Autologous platelet-rich plasma for facial rejuvenation: yes, I think it does help. Studies though pending.

Kim Kardashian had her “Vampire Facial” with her own PRP. This does work, but we are watiing for good randomized, controlled studies. 

The below is a good start, but the authors have a vested interest. Can someone who has no vested interest in this do a side-to-side comparison (ie one side of same patient’s face has PRP and the other side has no PRP) on 20-40 women?

We have been using PRP drops for dry eye for many years now with no complication. I have been telling patients that if the drops falls on face or runs out to rub it in skin: but still need good date to prove it helps with photoaging. 


 J Cosmet Dermatol

. 2019 Jul 26;18(5):1348-1352. doi: 10.1111/jocd.13088. Online ahead of print.

Pilot study: Autologous platelet-rich plasma used in a topical cream for facial rejuvenation

Zoe Diana Draelos1Lawrence A Rheins2Shaun Wootten2Robert S Kellar3Robert B Diller3Affiliations collapse


  • 1Dermatology Consulting Services, PLLC, High Point, North Carolina.
  • 2Department of Research and Development, Aesthetics Biomedical, Inc, Phoenix, Arizona.
  • 3Development Engineering Sciences, LLC, Flagstaff, Arizona.

Free PMC article


Background: Platelet rich plasma (PRP) is traditionally used as an injectable material for enhanced healing, hair growth, and facial rejuvenation.

Aims: This research examined the novel use of topical autologously sourced PRP added to a preservative cosmetic base and applied twice daily to the face following electroporation for 8 weeks.

Methods: 20 healthy female and male subjects 30-60 years of age were enrolled in this single-site, investigator blinded, vehicle controlled split-face study to evaluate the effect of a PRP-containing serum versus the serum alone on facial photoaging.

Results: 90 day stability for the PRP in a preservative serum was achieved with refrigeration at 4 degrees Celsius. Facial skin biopsy histologic findings included improved rete peg architecture. Immunohistochemical analysis showed upregulation for collagen type I with qPCR data demonstrating concomitant upregulation of mRNA for collagen after 8 weeks of topical PRP use.

Conclusion: These pilot study findings may indicate value for topical PRP in facial rejuvenation.

Keywords: PRP; aging skin; cosmetics; facial rejuvenation; platelet-rich plasma.

Conflict of interest statement

Zoe Diana Draelos, MD, and Robert S. Kellar, PhD, received grants from Aesthetics Biomedical to conduct this research. Lawrence A. Rheins, PhD, and Shaun Wootten, BSE, are employees of Aesthetics Biomedical, Inc

More on the “Vampire Facial”

Obviously, you need anesthetic before microneedling. I am surprised they did this on a preganant woman. .Just having put PRP on the face would have not hurt at all and would have been very safe for baby in utero. Do you need microneedling with PRP? We don’t know. That is why we need objective studies.

Kim Kardashian West Regrets Getting Her Infamous Vampire Facial ===Because she did not have anesthesia before the procedure!

No more bloody selfies.


Kim Kardashian gets Vampire Facial
Courtesy of Instagram

Kim Kardashian West is no stranger to trying out-there beauty treatments — and subsequently putting them on the map. But one of her most famously Instagrammed facials, the “vampire facial,” is one she’ll never try again.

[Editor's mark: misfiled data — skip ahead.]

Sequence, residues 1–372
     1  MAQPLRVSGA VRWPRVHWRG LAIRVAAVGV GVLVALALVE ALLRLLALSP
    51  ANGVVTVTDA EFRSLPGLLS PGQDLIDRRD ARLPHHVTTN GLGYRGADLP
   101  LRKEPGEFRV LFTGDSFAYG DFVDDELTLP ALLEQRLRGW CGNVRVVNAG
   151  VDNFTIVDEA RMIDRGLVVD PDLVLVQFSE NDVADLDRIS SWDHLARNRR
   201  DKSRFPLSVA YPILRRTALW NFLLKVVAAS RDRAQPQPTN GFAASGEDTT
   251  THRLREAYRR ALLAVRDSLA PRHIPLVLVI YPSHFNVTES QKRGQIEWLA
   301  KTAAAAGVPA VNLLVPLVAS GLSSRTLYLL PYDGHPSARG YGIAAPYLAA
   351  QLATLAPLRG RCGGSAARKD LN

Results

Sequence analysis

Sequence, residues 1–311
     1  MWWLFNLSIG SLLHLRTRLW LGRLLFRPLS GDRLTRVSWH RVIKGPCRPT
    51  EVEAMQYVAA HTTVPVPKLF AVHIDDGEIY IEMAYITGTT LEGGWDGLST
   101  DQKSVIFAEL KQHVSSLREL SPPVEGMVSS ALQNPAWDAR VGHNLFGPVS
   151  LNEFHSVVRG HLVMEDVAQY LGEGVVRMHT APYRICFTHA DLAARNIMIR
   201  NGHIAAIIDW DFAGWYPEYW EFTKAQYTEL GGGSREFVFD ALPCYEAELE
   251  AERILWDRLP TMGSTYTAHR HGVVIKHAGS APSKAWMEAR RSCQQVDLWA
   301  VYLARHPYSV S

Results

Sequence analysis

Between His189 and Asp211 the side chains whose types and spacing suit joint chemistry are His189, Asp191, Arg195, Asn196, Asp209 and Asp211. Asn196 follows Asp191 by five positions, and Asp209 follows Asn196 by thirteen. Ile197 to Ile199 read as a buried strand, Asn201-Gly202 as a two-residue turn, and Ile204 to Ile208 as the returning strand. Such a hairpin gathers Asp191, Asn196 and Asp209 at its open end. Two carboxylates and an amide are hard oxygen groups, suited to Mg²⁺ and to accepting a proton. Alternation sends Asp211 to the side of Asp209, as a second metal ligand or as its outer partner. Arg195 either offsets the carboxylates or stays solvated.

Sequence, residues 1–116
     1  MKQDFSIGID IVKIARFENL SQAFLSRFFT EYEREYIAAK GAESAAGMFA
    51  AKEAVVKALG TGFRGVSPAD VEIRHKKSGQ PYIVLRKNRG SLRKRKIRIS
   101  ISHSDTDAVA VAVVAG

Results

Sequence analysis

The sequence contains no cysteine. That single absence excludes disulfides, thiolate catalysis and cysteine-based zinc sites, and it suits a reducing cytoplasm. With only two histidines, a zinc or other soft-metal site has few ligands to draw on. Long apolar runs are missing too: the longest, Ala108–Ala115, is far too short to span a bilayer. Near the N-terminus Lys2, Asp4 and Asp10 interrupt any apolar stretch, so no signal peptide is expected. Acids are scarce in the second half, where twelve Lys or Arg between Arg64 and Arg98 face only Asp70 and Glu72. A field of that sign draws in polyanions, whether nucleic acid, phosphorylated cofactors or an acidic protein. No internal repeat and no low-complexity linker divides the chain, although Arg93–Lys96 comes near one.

Vampire facials” have made headlines both for their rejuvenating skin benefits — a combo of microdermabrasion followed by a mask of platelet-rich plasma (PRP) helps boost your skin’s cell turnover — and their potential for scary-cool Instagrams.JOIN NOW

Briefly, here’s how it works: A doctor will draw blood from you, spin it in a centrifuge to extract the PRP, and then inject or apply it topically. The treatment “is being used to improve skin tone and texture, smooth fine lines, and even promote hair growth,” Joshua Zeichner, director of clinical and cosmetic research in dermatology at Mount Sinai Hospital in New York City previously told Allure.

Today, PRP treatments are gaining steam in the beauty world. They can be used to beef up your brows or even your breasts, but Kardashian West helped put them on the map back in 2013 with a spooky selfie of her “vampire facial.”

Instagram content

To honor your privacy preferences, this content can only be viewed on the site it originates from.

But according to a recent post on her website, Kim K. regrets getting the procedure and would not be down to try it again anytime soon.

WATCHMeet Dr. Ava Shamban

“A few years ago, I heard about a ‘vampire facial,’ and I was so intrigued,” Kardashian West wrote. Right before she signed up to try the treatment, she found out she was pregnant, which meant that she couldn’t use the a numbing cream or painkiller before the treatment as doctors typically recommend, she says. That made for a super uncomfortable experience. “It was really rough and painful for me. It was honestly the most painful thing ever! It’s the one treatment that I’ll never do again.”

Kardashian West, self-proclaimed lover of any treatment that makes her skin look and feel smooth, does acknowledge the benefits of PRP facials — if you can tough it out. “Even though it wasn’t for me, I know it has so many benefits for your skin. Kourtney is a huge fan and I know a lot of other people that love it, too,” she said.

If the idea of microneedling scares you or you have a low pain tolerance, make like Kim K. and forgo the vampire selfie in lieu of a gentler treatment.

Shopping Cart